NEW YORK, WHICH CONFERS A MEASURE OF privacy on celebrities, counted Jacqueline Kennedy Onassis among its own for many years. Mrs. Onassis, who died Thursday at the age of 64, had spent much of her childhood here, and it was here she returned in 1964 after the assassination of President John F. Kennedy, here she went back to work in 1975 after the death of her second husband, Aristotle Onassis, and here she fought for her glittering, frustrating city.
All over town at a Grand Central Terminal she helped to save, outside her Fifth Avenue apartment building, in Central Park where she jogged people recalled her campaigns for treasured buildings, her work as a book editor, her affection for art, her quiet presence in church, and mostly her friendship.
She had this tremendous enthusiasm it was almost childlike at times and when she talked about a book, you knew she was completely engaged,” said Stephen Rubin, the president and publisher of Doubleday, where Mrs. Onassis had been an editor for the last 16 years
One of her authors, Bill Moyers, for whom she had edited three books, recalled her yesterday in similar terms: As a colleague, working closely on my books, she was as witty, warm and creative in private as she was grand and graceful in public.
Nancy Tuckerman, a lifelong friend and confidante who had been Mrs. Kennedy’s White House social secretary, recalled roller-skating with Jackie Bouvier as children in New York in the 1930’s, when they were fellow students at the Chapin School.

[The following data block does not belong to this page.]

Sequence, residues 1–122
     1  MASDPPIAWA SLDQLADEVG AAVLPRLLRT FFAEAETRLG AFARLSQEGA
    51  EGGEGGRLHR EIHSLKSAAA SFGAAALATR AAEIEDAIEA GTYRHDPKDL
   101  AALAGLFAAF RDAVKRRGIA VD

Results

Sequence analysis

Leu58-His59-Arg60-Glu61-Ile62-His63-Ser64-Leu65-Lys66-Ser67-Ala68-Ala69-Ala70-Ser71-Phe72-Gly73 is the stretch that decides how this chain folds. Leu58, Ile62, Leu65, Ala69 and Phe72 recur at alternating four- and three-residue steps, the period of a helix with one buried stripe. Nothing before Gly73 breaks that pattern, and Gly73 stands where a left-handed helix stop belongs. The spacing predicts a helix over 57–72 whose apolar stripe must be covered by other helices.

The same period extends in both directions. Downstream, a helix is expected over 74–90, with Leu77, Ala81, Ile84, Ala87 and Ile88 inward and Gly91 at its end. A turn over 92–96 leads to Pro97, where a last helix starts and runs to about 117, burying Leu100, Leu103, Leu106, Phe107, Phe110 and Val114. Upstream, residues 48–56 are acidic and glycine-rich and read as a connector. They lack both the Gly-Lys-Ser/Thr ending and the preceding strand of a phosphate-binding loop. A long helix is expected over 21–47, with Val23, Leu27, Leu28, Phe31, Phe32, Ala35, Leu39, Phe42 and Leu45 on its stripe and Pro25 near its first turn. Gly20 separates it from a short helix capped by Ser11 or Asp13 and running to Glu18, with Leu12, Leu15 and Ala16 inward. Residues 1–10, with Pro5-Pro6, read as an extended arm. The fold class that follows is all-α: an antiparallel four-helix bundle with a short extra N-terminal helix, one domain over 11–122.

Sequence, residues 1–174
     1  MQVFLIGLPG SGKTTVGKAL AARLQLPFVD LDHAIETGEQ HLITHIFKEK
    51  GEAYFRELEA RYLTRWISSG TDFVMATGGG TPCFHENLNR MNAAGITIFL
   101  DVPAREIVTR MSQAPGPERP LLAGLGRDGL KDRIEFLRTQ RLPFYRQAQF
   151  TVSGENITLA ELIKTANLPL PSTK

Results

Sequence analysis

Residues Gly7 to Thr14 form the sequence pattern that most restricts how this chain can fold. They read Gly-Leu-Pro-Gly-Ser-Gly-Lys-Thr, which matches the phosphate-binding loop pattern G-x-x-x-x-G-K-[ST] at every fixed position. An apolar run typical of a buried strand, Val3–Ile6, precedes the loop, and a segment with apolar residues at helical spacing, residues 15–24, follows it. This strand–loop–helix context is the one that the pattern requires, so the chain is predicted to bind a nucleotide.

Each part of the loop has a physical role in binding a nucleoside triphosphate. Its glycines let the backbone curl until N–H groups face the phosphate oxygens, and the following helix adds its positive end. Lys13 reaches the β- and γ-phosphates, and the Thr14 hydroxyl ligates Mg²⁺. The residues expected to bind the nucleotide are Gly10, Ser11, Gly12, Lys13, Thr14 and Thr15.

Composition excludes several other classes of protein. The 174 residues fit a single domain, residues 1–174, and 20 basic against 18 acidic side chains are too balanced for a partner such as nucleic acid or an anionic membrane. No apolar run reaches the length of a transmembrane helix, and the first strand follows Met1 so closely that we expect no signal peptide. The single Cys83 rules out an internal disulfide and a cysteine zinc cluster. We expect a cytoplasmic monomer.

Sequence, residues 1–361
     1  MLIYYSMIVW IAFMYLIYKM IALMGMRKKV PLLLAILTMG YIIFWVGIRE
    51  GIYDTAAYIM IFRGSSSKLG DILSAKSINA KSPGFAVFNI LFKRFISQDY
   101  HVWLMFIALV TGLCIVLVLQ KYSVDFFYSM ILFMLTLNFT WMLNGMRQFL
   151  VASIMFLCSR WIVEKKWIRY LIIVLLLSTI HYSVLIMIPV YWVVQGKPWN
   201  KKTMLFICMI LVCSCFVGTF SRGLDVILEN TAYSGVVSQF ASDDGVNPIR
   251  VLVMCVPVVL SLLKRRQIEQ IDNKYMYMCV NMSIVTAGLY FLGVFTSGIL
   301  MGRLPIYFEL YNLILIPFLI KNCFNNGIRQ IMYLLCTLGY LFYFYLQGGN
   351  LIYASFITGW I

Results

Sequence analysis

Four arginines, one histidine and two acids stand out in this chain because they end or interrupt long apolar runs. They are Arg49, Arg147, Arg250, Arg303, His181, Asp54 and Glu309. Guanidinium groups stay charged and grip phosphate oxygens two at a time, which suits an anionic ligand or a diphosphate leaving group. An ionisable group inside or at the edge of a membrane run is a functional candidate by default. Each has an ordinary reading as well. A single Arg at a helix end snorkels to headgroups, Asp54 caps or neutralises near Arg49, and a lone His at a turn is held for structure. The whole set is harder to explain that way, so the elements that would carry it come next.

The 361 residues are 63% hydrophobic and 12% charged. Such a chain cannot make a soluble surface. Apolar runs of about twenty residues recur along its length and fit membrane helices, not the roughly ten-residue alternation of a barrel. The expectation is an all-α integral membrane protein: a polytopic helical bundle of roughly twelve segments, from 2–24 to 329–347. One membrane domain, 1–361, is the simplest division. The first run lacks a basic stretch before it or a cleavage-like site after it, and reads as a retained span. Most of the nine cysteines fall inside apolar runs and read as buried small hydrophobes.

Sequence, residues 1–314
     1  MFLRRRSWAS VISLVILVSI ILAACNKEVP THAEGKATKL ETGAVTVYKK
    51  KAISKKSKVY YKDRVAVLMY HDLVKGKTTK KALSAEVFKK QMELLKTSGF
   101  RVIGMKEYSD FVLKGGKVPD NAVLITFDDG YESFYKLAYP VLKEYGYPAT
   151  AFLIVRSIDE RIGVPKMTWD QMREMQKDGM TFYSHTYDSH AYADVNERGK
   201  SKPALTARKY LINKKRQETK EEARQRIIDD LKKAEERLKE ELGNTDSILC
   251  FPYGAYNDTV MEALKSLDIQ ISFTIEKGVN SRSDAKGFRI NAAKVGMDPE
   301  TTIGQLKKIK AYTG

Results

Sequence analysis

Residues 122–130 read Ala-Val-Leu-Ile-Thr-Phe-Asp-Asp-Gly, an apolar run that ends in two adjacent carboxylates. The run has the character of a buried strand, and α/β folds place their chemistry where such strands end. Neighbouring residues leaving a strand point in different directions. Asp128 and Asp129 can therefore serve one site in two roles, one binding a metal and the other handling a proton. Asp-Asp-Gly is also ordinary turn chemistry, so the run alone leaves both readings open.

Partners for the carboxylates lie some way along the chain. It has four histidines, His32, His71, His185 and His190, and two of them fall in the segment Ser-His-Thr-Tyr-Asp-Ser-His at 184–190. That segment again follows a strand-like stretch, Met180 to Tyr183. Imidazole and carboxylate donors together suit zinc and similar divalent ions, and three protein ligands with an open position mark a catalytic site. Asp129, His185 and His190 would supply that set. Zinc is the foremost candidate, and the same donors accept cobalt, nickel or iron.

“She was always drawn back to New York Ms. Tuckerman said. “She chose to bring up her children in the city. She got into publishing because she knew it would be an educational experience—she would learn something every moment.
Kent L. Barwick, president of the Municipal Art Society, recalled how Mrs. Onassis was instrumental in persuading legislators in Albany to block the construction of an office tower beside St. Bartholomew’s Church on Park Avenue. Jackie got on the train to Albany, met with assemblymen and senators and the governor all day, gave testimony and at the end of the day, when the rest of us were exhausted, she stood for well over an hour while virtually every important legislator had a picture taken with her Mr. Barwick remembered.
Like many New Yorkers, Mrs. Onassis got away occasionally on weekends to her horse farm in New Jersey, in the summer to her estate on Martha’s Vineyard, where she and her companion of recent years, Maurice Tempelsman, entertained President Clinton and his wife, Hillary, last summer. But her friends said she was always glad to come home to New York.